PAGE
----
Homeless disrupt environmentally sensitive area

The city bans dogs, but homeless camping has overrun the Foster Floodplains area

Homeless camping in Foster Floodplain Natural Area concerns neighbors, city leaders. (KOIN)
Homeless camping in Foster Floodplain Natural Area concerns neighbors, city leaders. (KOIN)

PORTLAND, Ore. (KOIN) — The homeless problem in SE Portland is spilling over into the Foster Floodplain Natural Area.

Dogs aren't allowed in the Foster Floodplain Natural Area because it's an environmentally sensitive area. (KOIN)
Dogs aren’t allowed in the Foster Floodplain Natural Area because it’s an environmentally sensitive area. (KOIN)

It’s city-owned land near SE 108th and Foster that doesn’t allow dogs. The city banned dogs because it’s an environmentally sensitive area.

Despite the ban, there are homeless people camping there.

Steven and Yasuko Garret walk through the area all the time.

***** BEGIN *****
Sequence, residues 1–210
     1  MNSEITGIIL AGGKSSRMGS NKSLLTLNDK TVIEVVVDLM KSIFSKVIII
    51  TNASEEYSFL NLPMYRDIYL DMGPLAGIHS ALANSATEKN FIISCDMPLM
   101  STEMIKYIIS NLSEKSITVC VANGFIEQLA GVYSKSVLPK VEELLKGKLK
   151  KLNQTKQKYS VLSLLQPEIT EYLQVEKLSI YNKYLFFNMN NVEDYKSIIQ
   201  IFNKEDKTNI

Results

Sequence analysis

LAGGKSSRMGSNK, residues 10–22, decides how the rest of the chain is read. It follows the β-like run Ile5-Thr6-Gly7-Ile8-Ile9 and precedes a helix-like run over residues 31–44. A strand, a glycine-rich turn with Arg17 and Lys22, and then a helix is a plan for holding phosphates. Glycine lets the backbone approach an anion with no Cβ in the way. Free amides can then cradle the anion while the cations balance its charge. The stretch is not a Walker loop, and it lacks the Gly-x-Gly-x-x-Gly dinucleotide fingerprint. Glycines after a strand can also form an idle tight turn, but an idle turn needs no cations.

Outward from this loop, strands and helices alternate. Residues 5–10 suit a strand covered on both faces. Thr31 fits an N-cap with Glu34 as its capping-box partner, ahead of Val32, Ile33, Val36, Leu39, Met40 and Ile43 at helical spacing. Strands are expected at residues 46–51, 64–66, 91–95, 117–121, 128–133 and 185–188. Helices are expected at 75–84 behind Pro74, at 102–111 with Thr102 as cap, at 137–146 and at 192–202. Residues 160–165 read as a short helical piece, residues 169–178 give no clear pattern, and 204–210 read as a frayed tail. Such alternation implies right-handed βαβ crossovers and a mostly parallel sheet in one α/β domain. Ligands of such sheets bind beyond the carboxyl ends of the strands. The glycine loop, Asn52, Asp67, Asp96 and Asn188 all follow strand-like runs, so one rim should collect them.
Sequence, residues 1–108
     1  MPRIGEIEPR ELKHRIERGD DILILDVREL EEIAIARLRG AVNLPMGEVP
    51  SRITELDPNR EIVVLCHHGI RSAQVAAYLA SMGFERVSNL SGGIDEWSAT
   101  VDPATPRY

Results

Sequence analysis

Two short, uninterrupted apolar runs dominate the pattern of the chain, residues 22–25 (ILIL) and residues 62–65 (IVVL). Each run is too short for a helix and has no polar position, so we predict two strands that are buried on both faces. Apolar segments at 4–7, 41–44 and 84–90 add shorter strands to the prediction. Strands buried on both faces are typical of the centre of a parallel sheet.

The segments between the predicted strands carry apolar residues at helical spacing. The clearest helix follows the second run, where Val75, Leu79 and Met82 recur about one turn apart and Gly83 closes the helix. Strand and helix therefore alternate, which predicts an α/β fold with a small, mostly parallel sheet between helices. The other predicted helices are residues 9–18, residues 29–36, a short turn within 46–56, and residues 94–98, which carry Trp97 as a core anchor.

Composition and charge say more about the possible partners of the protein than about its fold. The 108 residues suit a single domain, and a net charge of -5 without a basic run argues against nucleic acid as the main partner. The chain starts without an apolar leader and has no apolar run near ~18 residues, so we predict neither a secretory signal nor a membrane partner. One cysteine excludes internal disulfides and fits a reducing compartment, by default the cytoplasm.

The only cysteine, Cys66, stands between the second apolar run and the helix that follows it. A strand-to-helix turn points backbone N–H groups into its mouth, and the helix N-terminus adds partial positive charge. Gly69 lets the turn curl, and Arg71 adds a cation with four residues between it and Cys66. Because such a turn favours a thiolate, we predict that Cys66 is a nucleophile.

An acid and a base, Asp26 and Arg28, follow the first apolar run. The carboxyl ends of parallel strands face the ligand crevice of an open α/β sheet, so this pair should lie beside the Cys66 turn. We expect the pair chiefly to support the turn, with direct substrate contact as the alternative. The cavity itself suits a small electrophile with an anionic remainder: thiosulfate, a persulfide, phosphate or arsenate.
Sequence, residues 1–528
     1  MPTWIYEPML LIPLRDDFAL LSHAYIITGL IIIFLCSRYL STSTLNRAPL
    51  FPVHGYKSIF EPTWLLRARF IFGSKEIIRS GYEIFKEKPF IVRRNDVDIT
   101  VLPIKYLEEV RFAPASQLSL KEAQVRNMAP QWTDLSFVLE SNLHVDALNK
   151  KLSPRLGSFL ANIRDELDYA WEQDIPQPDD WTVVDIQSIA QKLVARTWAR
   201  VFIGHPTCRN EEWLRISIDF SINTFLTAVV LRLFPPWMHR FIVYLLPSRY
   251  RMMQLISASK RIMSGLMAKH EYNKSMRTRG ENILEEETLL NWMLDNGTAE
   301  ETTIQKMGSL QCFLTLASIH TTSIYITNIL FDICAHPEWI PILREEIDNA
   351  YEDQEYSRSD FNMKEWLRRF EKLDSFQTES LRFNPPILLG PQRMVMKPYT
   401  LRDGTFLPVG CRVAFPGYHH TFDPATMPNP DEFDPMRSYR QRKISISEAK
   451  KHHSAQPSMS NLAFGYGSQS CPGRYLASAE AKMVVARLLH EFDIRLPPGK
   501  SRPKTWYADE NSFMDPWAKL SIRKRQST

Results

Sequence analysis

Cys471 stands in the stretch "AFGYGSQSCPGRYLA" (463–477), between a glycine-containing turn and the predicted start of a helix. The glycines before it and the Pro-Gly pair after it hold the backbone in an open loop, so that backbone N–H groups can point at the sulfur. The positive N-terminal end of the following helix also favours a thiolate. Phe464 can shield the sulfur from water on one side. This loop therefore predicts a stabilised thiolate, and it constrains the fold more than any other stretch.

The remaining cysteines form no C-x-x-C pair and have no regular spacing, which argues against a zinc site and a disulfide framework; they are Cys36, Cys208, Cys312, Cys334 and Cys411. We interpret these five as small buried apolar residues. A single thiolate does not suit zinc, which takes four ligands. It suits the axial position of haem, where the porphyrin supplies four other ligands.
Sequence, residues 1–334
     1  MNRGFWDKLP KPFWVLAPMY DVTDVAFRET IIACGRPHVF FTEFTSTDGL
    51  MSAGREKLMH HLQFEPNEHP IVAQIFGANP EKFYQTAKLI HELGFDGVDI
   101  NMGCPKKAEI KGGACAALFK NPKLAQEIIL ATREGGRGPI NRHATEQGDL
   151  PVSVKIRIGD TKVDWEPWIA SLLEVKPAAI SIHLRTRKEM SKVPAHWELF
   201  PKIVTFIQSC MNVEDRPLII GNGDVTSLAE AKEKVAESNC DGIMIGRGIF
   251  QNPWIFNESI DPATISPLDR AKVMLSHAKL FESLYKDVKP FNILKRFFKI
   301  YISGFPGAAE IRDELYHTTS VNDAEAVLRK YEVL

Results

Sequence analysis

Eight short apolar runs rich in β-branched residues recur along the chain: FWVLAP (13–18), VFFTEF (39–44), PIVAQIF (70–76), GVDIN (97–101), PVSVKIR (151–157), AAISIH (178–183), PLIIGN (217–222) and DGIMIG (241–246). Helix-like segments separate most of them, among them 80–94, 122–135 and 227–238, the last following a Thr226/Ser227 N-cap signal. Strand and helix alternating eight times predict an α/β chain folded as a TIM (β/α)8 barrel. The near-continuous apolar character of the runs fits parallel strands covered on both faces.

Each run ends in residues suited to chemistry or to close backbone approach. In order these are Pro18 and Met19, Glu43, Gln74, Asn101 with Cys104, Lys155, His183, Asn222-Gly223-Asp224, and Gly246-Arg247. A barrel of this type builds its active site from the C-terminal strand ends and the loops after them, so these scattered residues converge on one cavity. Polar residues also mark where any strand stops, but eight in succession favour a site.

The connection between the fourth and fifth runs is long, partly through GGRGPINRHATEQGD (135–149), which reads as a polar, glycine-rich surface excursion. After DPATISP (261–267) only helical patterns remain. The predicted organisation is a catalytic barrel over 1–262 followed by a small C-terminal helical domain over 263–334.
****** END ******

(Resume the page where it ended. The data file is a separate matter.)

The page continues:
“It’s horrendous that we don’t feel safe. Nobody feels safe,” Steven Garrett said. “We’ve seen them with their shopping carts. They go back in here.”

Photos shared on Facebook show how even when the campers are gone, they often leave calling cards.

“They camp out here. Then they go up here and steal everything,” Garrett said. “And they steal everything. I’ve seen full-size barbecues going down the road.”

Homeless camping in Foster Floodplain Natural Area concerns neighbors, city leaders. (KOIN)
Homeless camping in Foster Floodplain Natural Area concerns neighbors, city leaders. (KOIN)

The Bureau of Environmental Services declined to be interviewed on camera, but said they don’t condone homeless camps, and they’ve put in several requests to the mayor’s office for clean up.

City spokeswoman Sara Hottman said that because it’s an environmentally sensitive area, there should be absolutely no camping. She said now they’re determining what needs to be done and said “they will perform the cleanup.”

“I’m hoping that new mayor says no camping out in public and then we won’t have that problem,” Garrett said.

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